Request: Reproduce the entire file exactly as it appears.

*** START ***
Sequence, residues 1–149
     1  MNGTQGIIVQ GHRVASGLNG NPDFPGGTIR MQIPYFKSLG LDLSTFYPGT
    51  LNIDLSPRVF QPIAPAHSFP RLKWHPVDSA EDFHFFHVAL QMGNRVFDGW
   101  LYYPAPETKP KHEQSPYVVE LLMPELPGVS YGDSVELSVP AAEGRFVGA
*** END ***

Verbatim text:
Sequence, residues 1–149
     1  MNGTQGIIVQ GHRVASGLNG NPDFPGGTIR MQIPYFKSLG LDLSTFYPGT
    51  LNIDLSPRVF QPIAPAHSFP RLKWHPVDSA EDFHFFHVAL QMGNRVFDGW
   101  LYYPAPETKP KHEQSPYVVE LLMPELPGVS YGDSVELSVP AAEGRFVGA